While the capricious, erratic behaviour of musical mavericks like Neil Young and Bob Dylan might enthral their followers, it’s always nice when a recording artist behaves in a rather more sensible, rational way. Five-piece pop act Hot Chip are a case in point. From the listener’s perspective, it seems as if Hot Chip have behaved rather like a customer services-orientated business: they’ve listened to their customers’ complaints, and they’ve sought to remedy their faults.
To explain: Hot Chip’s last album, 2008’s Made In The Dark, was a good record (it would certainly represent an all-time career best for Black Eyed Peas) but it never quite delivered the pop perfection promised by its predecessor album The Warning and its superlative lead-off single, Ready For The Floor. Made In The Dark was a purposely eclectic record, veering from the hyperactive disco of Hold On to ultra-sparse ballads like In The Privacy Of Our Love. But the album proved a mild disappointment not because of its all-over-the-place nature but rather because of its dearth of truly compelling songs.
But, much like Marks & Spencer, it would seem that Hot Chip are willing to change their approach to please their customers. “I feel like the melodies on the new album are much more in-your-face, and it’s more coherent,” said vocalist Alexis Taylor in a recent interview. “The songs are a little bit ‘straighter’ than (those on) Made In The Dark, there’s less craziness to it”, echoed Taylor’s bandmate Joe Goddard. And they’re right, too: One Life Stand is more coherent and there is indeed less of the slightly self-conscious ‘craziness’ that occasionally threatened to de-rail Made In The Dark. One Life Stand comprises a concise 10 tracks, the standard of which is consistently high.
This newly focused approach not only pays musical dividends; it also renders Hot Chip’s status as a ‘dance-pop’ act increasingly redundant. Although their work so far has been reliant upon synthesisers (and you can dance to a lot of it, too), Hot Chip’s most obvious musical antecedents on this record aren’t the likes of Daft Punk or Depeche Mode but eccentric, intelligent pop acts like Scritti Politti or Robert Wyatt (the latter connection was cemented by the band’s collaboration with Wyatt on a 2008 EP). Forget ‘dance-pop’ or ‘synth-pop’: One Life Stand is best defined as a pop-soul album.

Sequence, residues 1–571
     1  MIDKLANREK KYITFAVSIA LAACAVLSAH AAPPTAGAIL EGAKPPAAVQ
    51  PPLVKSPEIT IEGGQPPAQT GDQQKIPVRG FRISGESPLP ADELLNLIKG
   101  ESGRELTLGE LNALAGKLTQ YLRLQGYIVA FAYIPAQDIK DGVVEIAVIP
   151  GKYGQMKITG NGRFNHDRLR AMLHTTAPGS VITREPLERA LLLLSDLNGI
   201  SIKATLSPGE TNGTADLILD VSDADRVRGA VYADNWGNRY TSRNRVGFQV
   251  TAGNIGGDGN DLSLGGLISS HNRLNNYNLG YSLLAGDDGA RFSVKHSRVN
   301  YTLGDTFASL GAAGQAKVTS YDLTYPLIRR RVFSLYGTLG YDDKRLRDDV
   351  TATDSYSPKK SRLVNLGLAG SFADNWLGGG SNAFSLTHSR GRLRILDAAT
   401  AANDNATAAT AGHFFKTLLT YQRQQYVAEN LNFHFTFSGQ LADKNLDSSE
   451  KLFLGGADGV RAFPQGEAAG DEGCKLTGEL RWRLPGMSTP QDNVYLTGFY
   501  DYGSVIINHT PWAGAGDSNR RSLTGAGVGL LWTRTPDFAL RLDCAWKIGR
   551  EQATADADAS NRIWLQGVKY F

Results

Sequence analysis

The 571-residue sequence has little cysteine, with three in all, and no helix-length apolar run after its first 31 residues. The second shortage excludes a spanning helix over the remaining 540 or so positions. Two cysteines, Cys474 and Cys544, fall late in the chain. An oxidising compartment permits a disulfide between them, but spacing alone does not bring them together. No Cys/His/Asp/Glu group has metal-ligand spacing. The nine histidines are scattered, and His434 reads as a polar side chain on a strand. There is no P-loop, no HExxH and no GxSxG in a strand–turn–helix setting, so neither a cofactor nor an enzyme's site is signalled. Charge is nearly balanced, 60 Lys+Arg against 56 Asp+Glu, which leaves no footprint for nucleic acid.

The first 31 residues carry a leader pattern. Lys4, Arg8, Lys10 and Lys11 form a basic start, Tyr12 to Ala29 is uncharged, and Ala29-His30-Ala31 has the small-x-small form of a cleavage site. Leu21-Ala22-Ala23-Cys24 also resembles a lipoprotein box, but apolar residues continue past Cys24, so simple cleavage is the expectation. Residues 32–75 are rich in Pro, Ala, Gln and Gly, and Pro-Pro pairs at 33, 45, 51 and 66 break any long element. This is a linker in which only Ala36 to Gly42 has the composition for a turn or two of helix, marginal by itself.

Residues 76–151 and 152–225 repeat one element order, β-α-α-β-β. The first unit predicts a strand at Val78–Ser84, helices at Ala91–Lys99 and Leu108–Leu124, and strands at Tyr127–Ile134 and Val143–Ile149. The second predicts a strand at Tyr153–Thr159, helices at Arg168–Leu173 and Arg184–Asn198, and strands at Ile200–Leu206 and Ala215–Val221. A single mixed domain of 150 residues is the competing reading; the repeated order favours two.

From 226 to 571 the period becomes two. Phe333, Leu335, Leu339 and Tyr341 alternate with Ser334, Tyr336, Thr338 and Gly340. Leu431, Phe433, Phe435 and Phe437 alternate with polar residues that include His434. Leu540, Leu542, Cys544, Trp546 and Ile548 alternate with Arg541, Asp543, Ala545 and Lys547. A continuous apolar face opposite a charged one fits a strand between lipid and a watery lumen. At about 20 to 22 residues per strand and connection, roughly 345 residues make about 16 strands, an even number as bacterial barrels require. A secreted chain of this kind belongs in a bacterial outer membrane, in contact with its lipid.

The first single and title track completes hat trick of ace lead-off singles for Hot Chip (see also: Over And Over and Ready For The Floor). The strutting, aggressive verses give way to a soulful, hip-swinging chorus, only for a harsh synth squiggle to drag us back to the dancefloor. Closing track Take It In displays a similar mastery of soft/harsh dynamics: the ominous verses are abandoned for a soaring, romantic chorus with an unashamedly sentimental refrain sung by Goddard: “My heart has flown to you just like a dove”.
Joe Goddard has claimed that one of the album’s tracks was an attempt to emulate O-Zone‘s Europop classic Dragostea Din Tei (aka the one that goes “lay-ee-oh-hee, lay-ee-oh-haha”). He wasn’t forthcoming about which track it is, but the clever money’s on I Feel Better, which must surely be the second single. Goddard’s Auto-Tuned vocals at first promise an homage to Kanye West‘s 808s And Heartbreak, but the brilliantly melodramatic chorus – sung by Taylor as if he’s been waiting all his life to sing it – elevates the track to greatness.
The album’s two high points occur around its mid-point and both songs are Hot Chip’s most organic (ie. least synth-bound) to date. Slush is a ballad performed (mostly) in a 6/8 time signature. It opens with a curious vocal exercise filling in for the expected guitar arpeggio. Alexis Taylor (in fine voice throughout the album) sings a sweet, if derivative, melody. And then, at the song’s halfway point, some trembling steel drums arrive, Goddard loses all his vocal inhibitions and it transforms into a thing of staggering beauty.
The next track, Alley Cats, is better still and it might – might – just be the best thing Hot Chip have ever recorded. Its continually-evolving melody and pulsing rhythm recalls previous career highlight And I Was A Boy From School. But the song’s building blocks – Rhodes keyboards, sawing violins and dislocated, eerie backing vocals that recall Tusk-era Fleetwood Mac – hail from a different musical territory altogether. When the three vocalists harmonise on the line “There is no pain I don’t know”, it’s a true lump-in-the-throat moment.
This is great music. It’s also very English music. In recent years the idea of ‘English’ music has been debased through association with the horrible, aggressively heterosexual music produced by the likes of The Enemy. But One Life Stand feels English in the best possible sense: it’s cosmopolitan, unassuming and ever-so-slightly eccentric. Another record as good as this one and Hot Chip will soon be rubbing shoulders with Joanna Lumley and Stephen Fry in our pantheon of National Treasures.